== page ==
This is only part of the picture. As Kenan Malik wrote for the Guardian, back in 2018, “Britain is diverse in many other ways too – by religion, age, occupation, regional affiliation, politics and so on.” Are these aspects of diversity being addressed? According to data published this year from ArtsProfessionals, more than 80% of people working in the arts and cultural sectors are afraid to express unfashionable, conservative, or controversial opinions under threat of bullying and professional ostracisation, and “nearly 70% of respondents said they would not criticise a funder for fear of jeopardising future investment and 40% said they had been subject to pressure from funders for speaking out.” These are abhorrent statistics, and in light of the fact that a key measure of success highlighted in ACE’s recent governmental review is the high degree to which “key stakeholders” praised the effectiveness of the body, it becomes problematic to an almost corrupt degree. Redressing this culture of self-censorship, intimidation and mono-cultural orthodoxy should be a top priority for the Arts Council, but (perhaps because they actively benefit from it) they remain silent. As ArtsProfessional Editor Amanda Parker puts it, “Our survey shines a damning light on the coercion, bullying, intimidation and intolerance that is active among a community that thinks of itself as liberal, open minded and equitable.”
Whilst last years Stretching the Flag report from Global Future rightly celebrates their findings that “almost 40% of our most celebrated cultural leaders are from multicultural backgrounds – well above the general population,” and that “in most branches of our cultural industries, those from migrant families or ethnic minority backgrounds are over-achieving at the very top,” it is important to remember that the benefits and the obligations of cultural diversity do not begin and end with ethnicity. As Akram Khan reminded us at the time, traditionalist conservatives and rural farming communities are just as much a part of Britain as “the multi-ethnic melting pots of Leicester, Birmingham and London,” even if they are deemed to hold the wrong opinions and vote the wrong way; to undervalue representation of these and similar groups in the arts can only result in an artistic community that is disconnected from and out of touch with significant bulks of society, and increasingly struggles to justify itself as a beneficiary of their taxes. This is especially ironic in light of ACE’s new priority of relevance. Relevance to whom? As Khan goes on to say, “in some cases, exclusivity in the arts is increasing rather than decreasing. Our culture should be ours collectively, not reserved for a few – and we have to work tirelessly to make sure that is the case.”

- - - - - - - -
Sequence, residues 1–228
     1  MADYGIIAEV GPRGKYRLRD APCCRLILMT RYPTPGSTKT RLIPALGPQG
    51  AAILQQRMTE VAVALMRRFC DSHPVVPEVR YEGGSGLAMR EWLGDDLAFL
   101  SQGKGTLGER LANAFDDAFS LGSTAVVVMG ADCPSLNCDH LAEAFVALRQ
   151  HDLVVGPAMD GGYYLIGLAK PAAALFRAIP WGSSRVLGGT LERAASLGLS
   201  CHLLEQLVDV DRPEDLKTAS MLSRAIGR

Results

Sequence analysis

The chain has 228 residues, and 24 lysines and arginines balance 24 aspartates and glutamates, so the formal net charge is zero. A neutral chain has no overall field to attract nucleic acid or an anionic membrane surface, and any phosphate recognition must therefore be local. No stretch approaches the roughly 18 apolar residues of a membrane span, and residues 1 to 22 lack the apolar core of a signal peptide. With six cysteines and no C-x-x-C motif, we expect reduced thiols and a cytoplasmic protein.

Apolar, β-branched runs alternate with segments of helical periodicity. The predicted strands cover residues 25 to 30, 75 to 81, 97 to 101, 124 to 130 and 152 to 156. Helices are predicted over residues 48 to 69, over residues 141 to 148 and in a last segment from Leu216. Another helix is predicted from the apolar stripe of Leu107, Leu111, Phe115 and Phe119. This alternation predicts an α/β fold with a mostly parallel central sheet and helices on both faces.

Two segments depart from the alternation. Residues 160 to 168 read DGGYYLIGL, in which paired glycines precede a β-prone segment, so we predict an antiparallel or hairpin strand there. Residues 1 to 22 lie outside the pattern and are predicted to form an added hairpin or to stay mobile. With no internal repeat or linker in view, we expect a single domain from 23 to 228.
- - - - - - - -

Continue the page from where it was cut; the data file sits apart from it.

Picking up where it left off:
The Globe needs £5 million to survive. Arts Council England has an emergency relief fund of £90 million. Instead of using it to support the most important arts bodies we possess, instead of using it to ensure that the highest quality of arts and culture in this country is kept alive through Coronavirus, instead of making sure that those institutions which are usually self-sufficient (and thus cost the taxpayer nothing) are maintained, they are doubling down on their crusade. Rather than acknowledge the unprecedented crisis facing the industry as a whole and evolving their approach to better react to it, the Arts Council are exploiting the pandemic as an opportunity to reward the loyal cronies who have a long history of ticking whatever boxes they’re told, and to starve to death all who aren’t part of their narrow club of pre-approved, officially “relevant” creative practitioners; all who have not demonstrated successful receipt of long-term public funding are ineligible. All who are not deemed “relevant” enough are rejected; artistic quality simply doesn’t come into it. How extraordinary that as recently as 2014 then-Chief Executive Alan Davey was telling us that ACE would be failing in its remit if it were to make funding decisions based “on anything but art.” By their own definition, then, whether through intention or incompetence, they are failing us.